Monday, 30 November 2009 22:49

Congress Prepared to Embrace VAT to Fund Gov't. Growth

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President Obama instructed Senate Majority Leader Harry Reid (D-Nev.) to deliver to his desk a comprehensive overhaul of the healthcare system in America and make it happen for under $900 million. No sooner had the roll been called in the Senate chamber and the requisite 60 votes counted, Senator Reid was crowing about how his package came in under the budget set by the president. At the unveiling of his legislation, Reid was quick to point to the bill’s bottom line: $849 billion. That gives the President about $51 million in change.

A closer inspection of the timetables written into the bill reveals that the budget conforming numbers just don’t add up. According to tallies conducted by studious readers of the legislation, the biggest expenditures mandated by the various provisions of the bill don’t kick in until 2014 — and when those outlays are added to those of the first three years, then the actual total cost of “free” health care is a eye-popping and budget-busting $1.8 trillion!

This figure is not quite the deficit-friendly figure being touted by advocates of the health care restructuring. In fact, in order to pay for a social program of such unprecedented size, scope, and cost, there will have to be deeper wells dug into the already eroding soil of the American middle class. The taxes will undoubtedly be hidden as cleverly as possible in payroll tax increases and one version or another of a national sales tax. One such proposal is gaining momentum among partisans chomping at the bit to enact a socialized health care scheme.

The most popular revenue-raising idea is the value added tax (VAT). Typically, the VAT is a consumption tax levied on the amount of value added to the value of goods and services. Such an “invisible sales tax on goods and services” is standard operating procedure in Europe. In fact, in France, recent budget figures reported by the French Minister of the Economy reveals that the VAT accounts for over half of that nation’s revenue. Now many Americans inexplicably enthusiastic to import European social engineering to the United States are lauding the benefits of the VAT. In May, a spokesman for President Obama’s Office of Management and Budget called the VAT a “credible idea” and refused to rule it out as a viable option for raising the money necessary to fund the scores of new bureaucracies that will oversee the growth of government.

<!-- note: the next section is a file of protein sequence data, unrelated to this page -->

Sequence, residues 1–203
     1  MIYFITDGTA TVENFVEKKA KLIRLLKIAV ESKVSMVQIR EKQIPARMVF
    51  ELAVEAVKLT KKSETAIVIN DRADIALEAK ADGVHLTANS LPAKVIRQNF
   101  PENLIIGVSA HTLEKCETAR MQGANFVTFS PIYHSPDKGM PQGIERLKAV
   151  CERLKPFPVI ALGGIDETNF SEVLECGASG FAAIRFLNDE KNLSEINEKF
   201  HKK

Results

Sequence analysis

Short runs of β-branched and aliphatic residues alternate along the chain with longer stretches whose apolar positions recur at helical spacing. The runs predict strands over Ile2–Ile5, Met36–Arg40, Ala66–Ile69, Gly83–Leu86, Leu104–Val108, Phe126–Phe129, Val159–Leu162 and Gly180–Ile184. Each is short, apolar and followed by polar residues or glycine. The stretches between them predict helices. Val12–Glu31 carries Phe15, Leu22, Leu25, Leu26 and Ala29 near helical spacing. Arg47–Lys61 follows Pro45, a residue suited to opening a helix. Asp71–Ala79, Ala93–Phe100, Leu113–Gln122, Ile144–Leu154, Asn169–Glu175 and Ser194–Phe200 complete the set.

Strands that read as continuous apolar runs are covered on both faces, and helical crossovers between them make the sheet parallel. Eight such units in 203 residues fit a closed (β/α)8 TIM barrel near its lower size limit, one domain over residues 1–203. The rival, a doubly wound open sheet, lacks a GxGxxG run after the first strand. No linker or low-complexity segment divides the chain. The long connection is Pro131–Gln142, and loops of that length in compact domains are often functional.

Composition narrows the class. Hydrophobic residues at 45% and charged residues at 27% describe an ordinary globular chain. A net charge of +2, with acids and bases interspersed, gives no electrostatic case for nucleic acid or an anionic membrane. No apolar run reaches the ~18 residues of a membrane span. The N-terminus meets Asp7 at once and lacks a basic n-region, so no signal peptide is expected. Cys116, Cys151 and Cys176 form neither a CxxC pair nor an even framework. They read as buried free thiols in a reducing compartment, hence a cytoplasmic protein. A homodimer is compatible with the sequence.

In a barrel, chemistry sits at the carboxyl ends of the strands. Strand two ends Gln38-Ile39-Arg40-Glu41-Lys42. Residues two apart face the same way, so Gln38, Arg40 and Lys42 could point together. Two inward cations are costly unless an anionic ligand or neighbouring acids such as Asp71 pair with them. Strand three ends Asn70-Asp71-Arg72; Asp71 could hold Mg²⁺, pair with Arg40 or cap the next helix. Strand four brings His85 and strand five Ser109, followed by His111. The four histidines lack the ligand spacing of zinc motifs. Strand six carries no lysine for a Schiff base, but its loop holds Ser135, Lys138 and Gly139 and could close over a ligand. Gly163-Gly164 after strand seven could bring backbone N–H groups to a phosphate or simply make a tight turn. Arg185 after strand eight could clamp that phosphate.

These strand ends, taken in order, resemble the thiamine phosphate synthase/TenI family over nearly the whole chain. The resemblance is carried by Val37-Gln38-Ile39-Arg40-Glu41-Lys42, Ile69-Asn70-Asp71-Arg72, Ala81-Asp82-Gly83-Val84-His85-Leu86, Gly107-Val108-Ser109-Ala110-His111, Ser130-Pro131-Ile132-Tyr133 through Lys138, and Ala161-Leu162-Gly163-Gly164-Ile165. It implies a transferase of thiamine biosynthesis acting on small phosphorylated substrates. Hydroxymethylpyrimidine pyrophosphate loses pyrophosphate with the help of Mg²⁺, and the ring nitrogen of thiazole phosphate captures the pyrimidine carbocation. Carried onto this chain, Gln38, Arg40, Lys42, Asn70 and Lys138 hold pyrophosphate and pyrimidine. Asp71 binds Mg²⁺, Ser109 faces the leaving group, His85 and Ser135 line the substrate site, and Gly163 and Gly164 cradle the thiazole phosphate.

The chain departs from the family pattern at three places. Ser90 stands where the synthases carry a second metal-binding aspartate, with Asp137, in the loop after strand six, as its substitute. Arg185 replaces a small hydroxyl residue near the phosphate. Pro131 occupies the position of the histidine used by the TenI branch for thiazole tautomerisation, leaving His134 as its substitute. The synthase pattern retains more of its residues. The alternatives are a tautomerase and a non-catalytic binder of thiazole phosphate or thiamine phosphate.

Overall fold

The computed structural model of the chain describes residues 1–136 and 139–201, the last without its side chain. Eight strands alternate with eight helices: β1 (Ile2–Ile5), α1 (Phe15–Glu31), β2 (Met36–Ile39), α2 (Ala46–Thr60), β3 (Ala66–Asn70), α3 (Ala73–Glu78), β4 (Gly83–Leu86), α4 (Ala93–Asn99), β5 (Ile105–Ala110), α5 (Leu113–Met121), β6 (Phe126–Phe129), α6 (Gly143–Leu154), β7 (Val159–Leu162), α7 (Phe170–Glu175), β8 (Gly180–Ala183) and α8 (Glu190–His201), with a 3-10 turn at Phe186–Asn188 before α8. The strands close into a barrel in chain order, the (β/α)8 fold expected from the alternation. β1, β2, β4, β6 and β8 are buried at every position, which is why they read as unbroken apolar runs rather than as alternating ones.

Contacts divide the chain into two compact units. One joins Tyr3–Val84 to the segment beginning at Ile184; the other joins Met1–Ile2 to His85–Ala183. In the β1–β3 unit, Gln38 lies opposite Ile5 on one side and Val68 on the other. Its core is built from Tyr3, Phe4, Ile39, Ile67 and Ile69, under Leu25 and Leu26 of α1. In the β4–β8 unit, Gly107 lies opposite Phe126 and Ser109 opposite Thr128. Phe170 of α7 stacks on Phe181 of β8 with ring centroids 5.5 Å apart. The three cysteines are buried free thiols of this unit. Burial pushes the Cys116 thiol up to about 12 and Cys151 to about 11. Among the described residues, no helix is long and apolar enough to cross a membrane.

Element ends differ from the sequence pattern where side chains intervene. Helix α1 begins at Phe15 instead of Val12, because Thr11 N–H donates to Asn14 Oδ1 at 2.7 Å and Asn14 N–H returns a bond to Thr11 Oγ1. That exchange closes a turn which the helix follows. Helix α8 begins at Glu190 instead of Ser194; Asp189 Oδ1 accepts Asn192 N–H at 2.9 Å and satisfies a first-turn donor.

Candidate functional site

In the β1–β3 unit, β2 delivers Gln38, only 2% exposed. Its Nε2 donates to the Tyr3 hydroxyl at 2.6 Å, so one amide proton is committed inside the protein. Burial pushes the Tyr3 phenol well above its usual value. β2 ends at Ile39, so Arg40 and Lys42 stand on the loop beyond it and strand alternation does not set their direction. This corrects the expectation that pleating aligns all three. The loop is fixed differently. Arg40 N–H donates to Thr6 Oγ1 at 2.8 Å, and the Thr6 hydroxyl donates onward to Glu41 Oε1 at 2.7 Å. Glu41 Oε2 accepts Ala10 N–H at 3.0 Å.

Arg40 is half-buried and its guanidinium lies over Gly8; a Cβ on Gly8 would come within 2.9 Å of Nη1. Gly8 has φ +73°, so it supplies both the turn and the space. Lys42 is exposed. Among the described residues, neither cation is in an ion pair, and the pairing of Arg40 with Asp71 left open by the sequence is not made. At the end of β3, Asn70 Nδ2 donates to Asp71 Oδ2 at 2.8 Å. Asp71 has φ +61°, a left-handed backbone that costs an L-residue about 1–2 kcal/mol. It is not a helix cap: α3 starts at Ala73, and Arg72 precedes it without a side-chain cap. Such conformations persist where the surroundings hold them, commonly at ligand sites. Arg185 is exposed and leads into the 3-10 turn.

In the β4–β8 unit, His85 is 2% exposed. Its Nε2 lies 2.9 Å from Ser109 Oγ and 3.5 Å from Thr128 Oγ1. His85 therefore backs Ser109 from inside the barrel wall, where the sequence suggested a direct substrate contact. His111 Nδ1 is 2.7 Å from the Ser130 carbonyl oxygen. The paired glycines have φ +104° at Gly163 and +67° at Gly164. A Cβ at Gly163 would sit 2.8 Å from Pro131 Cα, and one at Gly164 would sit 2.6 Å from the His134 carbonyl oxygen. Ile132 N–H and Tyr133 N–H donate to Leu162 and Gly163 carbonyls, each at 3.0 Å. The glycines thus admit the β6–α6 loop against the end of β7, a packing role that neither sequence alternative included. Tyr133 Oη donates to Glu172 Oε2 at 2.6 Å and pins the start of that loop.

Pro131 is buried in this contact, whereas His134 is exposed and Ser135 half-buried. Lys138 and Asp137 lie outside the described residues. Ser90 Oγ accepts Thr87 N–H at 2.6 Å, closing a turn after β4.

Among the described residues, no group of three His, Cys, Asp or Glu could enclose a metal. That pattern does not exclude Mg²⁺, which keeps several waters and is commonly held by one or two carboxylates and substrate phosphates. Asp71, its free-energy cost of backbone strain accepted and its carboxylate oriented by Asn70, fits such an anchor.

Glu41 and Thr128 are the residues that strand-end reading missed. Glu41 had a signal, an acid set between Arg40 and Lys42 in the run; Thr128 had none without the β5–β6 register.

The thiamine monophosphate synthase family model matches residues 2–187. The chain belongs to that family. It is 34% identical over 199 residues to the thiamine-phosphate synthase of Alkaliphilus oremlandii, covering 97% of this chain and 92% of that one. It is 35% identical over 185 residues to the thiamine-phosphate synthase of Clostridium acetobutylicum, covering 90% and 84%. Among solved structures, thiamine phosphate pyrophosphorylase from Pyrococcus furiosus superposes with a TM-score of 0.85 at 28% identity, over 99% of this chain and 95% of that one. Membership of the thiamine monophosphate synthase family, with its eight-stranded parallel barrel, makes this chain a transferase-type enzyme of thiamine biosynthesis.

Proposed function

Others have added their voices to the pro-VAT chorus. House Ways and Means Committee Chairman Charles Rangel recently mused that the VAT should become a “point of discussion” in Congress as a new and rich vein that has yet to be tapped. John Podesta, Obama transition team leader said the VAT would “create a balance” in a budget that will soon, despite rosy reports, will soon be strapped for cash. Paul Volcker recently commented that the only tax better than the establishment of a VAT would be a VAT compounded with a carbon tax. Speaker of the House Nancy Pelosi (D-Cal.) knows just how much this health care behemoth will cost, so she chimed in with “somewhere along the way, a value added tax plays into this.”

Apparently, while congressmen and Obama cohorts are eager to throw their arms around a costly European-style “tax big and spend bigger” agenda, their constituents are less fond of the fiscal habits of their continental cousins. A recent poll conducted by the Rasmussen Reports revealed that 53 percent of respondents expressed serious trepidation that their representatives in Washington are going to over-react to the current economic crisis and try and follow their traditional tack of spending their way to prosperity.

Regardless of the genuine fears felt by a majority Americans, partisans in the House and Senate will not be dissuaded and they are doggedly determined to midwife a $1 trillion bundle of joy and present it to President Obama for his blessing before the end of the year. 

Photo of VAT protest in the Philippines: AP Images

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